Characterized by a pre-existing cylindrical tower of Roman form, it is a fortress that seems to have been built during Spanish rule. Built on a relief that goes by the name of Punta Pinna, to the left of the tower a well-preserved part of the ancient walls, the gunnery, and the weapons room are still visible. Going all the way around the ramparts that protected the city, you can reach the area known as Porta Cala Vecchia. This is the beach most frequented by locals, you will see it as you continue along the road and realize you have arrived at the coast.
Cathedral of Maria Santissima of Madia
Also known as Monopoli Cathedral, this 18th-century architectural gem is dedicated to the city's patron saint. A legend behind this church is based on a story that says that one night a raft carrying the image of the Madonna Madia arrived in the harbor and, as a result, the cathedral was completed with its wood. The marble-covered interior and exceptional Baroque interior art will leave you speechless.
Garibaldi square and Civic Tower
The center of Monopoli's Movida is full of clubs, bars, and attractions, restaurants, taverns, everything you need to spend your wonderful Apulian evenings. Also, it is ideal for a picturesque promenade. In this square you can admire, the municipal tower is one of the symbols of Monopoli. If you notice, the tower faces the Porto Vecchio, welcoming those who landed in that part of the port where the raft with the icon of Maria SS of Madia miraculously landed. The tower houses a clock and a bell tower whose chimes were a warning sign of danger.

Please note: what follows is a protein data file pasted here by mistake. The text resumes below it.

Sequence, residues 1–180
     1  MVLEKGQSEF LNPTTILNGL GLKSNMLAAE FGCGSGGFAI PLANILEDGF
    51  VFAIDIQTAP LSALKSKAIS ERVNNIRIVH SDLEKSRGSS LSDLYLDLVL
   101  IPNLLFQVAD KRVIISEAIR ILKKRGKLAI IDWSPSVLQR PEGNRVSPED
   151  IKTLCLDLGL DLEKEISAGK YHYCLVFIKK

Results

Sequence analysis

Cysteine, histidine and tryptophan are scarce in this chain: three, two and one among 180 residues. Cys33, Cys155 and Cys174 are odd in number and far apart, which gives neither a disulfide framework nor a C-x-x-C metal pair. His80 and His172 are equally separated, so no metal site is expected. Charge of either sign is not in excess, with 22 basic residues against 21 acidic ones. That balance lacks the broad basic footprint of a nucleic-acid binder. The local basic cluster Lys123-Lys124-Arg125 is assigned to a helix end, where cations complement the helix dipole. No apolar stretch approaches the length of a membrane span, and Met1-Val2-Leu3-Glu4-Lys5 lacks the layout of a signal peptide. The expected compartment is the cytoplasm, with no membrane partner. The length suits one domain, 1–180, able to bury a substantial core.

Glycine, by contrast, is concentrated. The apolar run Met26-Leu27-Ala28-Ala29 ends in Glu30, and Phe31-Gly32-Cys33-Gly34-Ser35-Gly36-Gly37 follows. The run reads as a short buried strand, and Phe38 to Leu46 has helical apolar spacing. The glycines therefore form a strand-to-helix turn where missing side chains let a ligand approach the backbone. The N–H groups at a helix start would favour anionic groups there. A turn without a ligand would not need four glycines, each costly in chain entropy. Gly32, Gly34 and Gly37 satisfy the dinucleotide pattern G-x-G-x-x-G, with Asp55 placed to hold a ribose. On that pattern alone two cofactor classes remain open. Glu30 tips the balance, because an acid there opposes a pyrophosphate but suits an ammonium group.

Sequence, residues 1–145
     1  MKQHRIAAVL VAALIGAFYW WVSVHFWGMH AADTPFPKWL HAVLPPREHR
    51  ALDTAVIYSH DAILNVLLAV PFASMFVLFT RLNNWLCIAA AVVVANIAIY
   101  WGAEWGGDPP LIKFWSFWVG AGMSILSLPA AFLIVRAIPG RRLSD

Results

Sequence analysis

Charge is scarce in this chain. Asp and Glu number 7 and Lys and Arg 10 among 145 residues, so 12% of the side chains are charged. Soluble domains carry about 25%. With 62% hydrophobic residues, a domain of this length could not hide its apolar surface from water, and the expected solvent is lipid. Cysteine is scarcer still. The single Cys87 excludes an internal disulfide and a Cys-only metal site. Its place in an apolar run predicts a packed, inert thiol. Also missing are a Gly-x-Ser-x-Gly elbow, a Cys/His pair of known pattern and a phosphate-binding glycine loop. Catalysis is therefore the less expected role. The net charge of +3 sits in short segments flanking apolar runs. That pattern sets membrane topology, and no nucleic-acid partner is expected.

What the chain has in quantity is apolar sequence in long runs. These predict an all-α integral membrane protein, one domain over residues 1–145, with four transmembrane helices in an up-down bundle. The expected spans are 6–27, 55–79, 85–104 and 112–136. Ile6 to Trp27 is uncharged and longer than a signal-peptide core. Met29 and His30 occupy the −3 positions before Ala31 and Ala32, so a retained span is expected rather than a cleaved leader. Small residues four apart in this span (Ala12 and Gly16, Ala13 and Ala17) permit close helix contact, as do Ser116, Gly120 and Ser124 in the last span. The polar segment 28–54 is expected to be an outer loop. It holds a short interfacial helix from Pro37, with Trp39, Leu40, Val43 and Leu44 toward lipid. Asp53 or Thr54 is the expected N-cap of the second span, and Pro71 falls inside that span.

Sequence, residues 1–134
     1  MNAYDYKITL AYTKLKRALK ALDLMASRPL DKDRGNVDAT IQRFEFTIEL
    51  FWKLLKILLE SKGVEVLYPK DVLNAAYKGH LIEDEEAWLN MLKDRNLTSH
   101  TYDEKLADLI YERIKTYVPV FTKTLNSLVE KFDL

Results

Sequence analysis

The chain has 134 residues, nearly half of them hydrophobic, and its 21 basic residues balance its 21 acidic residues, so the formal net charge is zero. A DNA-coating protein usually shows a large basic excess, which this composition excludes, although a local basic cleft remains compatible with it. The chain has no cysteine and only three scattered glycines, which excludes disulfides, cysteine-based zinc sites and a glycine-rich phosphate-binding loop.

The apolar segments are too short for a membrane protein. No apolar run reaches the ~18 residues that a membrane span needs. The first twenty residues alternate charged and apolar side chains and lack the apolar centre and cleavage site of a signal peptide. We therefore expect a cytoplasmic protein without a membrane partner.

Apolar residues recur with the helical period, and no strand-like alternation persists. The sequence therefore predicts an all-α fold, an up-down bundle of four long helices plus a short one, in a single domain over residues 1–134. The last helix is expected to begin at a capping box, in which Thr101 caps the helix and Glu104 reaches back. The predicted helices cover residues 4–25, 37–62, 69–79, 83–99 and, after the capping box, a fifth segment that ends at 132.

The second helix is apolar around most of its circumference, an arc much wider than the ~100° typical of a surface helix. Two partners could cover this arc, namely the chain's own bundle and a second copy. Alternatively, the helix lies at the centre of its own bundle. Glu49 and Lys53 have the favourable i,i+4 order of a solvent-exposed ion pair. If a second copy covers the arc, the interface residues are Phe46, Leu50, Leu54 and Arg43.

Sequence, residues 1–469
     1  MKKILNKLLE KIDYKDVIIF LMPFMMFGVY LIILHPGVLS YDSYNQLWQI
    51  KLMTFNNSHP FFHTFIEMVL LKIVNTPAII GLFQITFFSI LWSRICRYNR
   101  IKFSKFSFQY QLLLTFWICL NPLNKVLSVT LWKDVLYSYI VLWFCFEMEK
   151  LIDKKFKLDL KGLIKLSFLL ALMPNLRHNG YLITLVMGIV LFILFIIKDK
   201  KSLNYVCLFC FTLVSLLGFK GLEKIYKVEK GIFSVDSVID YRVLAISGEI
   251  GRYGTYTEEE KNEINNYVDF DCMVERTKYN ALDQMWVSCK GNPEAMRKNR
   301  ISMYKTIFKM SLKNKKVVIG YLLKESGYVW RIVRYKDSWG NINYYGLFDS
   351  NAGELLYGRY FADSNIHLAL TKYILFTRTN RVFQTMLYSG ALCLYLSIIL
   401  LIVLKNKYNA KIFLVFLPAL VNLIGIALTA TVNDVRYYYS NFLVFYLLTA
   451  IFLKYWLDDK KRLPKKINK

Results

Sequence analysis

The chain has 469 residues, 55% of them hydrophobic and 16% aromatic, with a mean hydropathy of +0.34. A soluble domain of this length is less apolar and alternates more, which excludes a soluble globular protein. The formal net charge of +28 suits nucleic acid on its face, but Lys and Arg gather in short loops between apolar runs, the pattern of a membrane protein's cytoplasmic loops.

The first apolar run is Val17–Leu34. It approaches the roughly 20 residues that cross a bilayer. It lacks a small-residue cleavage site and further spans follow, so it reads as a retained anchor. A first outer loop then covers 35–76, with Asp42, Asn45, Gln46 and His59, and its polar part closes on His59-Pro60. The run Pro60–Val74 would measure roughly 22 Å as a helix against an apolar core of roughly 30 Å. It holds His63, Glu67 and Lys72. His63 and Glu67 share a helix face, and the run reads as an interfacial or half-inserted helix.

What else to visit?
Seafront of Santa Maria
A wonderful promenade along this promenade will be very pleasant, with the echo of the sea, the snowy white of the houses, the waves crashing against the cliffs, and reaching as far as Bastione Santa Maria, once a point unassailable by enemies.
A few kilometers from Monopoli are the Castellana caves, splendid rock formations, and an opportunity to visit a magnificent natural complex. The route inside the caves is really exciting! The most beautiful thing is definitely the white cave but in general, the atmosphere inside the caves is like a fantasy film.